With the automation of typesetting, newspapers expanded at the turn of the 20th century, and more space could be dedicated to death notices and obituaries. Like classified advertisements, newspapers charged a fee to publish obituaries and publishers quickly recognized that there was good money to be made from obituaries.
The Modern Obituary
Godfrey from Ancestry says that his company's obituary extractor found 400,000 obituaries in 1900 from around 2 million total newspaper pages. By the 1930s, that number exploded to 1.25 million obituaries in 2.5 million total pages of newspaper.
It was around this time, the 1930s and 1940s, that the modern obituary template took shape, says Godfrey. Here's where we start to see families and funeral homes writing death notices that adhere to a familiar four-part structure: death announcement, short bio, "survived by" section and funeral information.
If you look at the Obituaries section of the Richmond Times-Dispatch for July 3, 1938, for example, it's a mix of shorter death notices written by families and longer obituaries written by staff journalists and wire services like The Associated Press.
The shorter death notices had the deceased person's name as the headline, while a longer obituary, written by the paper, carried the headline, "Mrs. Susan Murdoch Dies; Rites Monday." Some of the obituaries had pictures of the deceased in their youth, a regular feature of today's obits. One obituary from 1938 was even written after the funeral and shares an account of the service — "Miss Mary A. Coleman is Buried at Bellamy."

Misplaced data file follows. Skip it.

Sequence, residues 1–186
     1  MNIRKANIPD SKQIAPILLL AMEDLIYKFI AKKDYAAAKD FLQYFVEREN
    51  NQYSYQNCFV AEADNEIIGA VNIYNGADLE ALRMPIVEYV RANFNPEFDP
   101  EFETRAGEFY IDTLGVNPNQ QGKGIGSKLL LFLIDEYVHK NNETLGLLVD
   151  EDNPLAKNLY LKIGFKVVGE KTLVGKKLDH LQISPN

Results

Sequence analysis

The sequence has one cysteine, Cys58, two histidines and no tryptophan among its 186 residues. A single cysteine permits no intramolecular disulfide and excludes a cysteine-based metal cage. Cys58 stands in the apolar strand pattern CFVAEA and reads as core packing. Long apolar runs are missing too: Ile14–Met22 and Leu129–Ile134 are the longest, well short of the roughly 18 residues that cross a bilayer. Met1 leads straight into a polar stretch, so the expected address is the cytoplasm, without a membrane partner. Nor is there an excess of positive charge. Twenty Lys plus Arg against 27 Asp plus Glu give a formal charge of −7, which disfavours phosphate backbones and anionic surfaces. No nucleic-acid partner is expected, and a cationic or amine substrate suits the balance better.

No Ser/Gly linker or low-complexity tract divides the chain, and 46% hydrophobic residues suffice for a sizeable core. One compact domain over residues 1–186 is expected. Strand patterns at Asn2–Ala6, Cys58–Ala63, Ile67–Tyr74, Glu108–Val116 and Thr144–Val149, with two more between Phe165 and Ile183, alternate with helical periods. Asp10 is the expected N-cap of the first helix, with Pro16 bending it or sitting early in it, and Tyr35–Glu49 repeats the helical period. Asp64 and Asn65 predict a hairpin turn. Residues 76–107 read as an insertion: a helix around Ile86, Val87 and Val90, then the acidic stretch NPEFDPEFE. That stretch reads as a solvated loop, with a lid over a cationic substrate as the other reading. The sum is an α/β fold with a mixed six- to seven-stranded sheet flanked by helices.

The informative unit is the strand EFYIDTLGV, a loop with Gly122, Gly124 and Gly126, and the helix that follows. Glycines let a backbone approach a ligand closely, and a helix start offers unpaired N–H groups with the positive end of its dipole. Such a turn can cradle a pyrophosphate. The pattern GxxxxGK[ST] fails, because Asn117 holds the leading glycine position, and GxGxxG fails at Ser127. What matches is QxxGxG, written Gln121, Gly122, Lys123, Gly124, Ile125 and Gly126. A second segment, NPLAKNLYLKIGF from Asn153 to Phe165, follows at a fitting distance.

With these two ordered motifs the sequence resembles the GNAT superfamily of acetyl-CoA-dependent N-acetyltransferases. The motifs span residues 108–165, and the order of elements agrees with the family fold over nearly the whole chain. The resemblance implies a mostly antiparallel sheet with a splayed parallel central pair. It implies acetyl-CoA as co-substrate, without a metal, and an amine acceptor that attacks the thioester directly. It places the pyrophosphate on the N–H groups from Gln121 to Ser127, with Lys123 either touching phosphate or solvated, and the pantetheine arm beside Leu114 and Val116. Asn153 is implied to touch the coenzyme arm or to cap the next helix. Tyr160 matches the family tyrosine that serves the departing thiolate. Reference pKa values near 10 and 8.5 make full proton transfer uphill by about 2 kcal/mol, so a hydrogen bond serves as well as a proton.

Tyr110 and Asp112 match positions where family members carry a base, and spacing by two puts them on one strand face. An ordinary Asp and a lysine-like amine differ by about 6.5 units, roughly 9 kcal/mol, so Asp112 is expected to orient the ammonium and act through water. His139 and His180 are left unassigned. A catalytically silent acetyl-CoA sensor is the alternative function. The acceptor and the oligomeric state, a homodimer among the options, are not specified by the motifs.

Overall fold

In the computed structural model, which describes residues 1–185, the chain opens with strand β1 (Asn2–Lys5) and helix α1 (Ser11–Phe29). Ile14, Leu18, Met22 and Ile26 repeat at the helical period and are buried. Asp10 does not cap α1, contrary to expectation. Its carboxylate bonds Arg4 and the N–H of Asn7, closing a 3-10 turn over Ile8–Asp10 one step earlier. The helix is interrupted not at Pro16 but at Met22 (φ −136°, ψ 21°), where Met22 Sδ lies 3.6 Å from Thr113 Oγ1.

The standard obituary template can be a tremendous resource for experienced genealogists and folks just starting out researching their family history, says Hansen of Ancestry. "An obituary is a like a miniature family tree," he says.
Ancestry's new AI-powered search engine can extract several generations of family names from a single obituary and automatically build a starter family tree. That's because most standard obituaries include the spouse's name, children's names (including married names for adult daughters) grandchildren's names and more.
Warts and All
The standard obituary style remained fairly unchanged throughout the second half of the 20th century, but then things took a shift after the Sept. 11 terrorist attacks in 2001, obituary expert Susan Soper told NPR in 2018. In the months following the attacks, The New York Times published short narrative obituaries on each of the nearly 3,000 people killed that day.
"They were fabulous," said Soper. "Everybody was recognized as a whole person. And they had fun anecdotes, they made you cry, they made you smile. And to me, that was sort of when the tide turned in obituaries and people realized that you could bring a person to life and keep them alive in even a short written bio."
Soper theorized that these obituaries started a trend toward more honesty and openness in remembrances. Instead of using coded language like "he died at home" or "she died suddenly," families were opening up about a loved one's addiction or how clinical depression took their life. Families also use the obituary space to educate other young people and families about the opioid and suicide epidemics. Nowadays, obituaries also are more likely to mention that a same-sex partner or an out-of-wedlock child survives the deceased. And a few obituaries even go as far as to say the deceased will not be missed.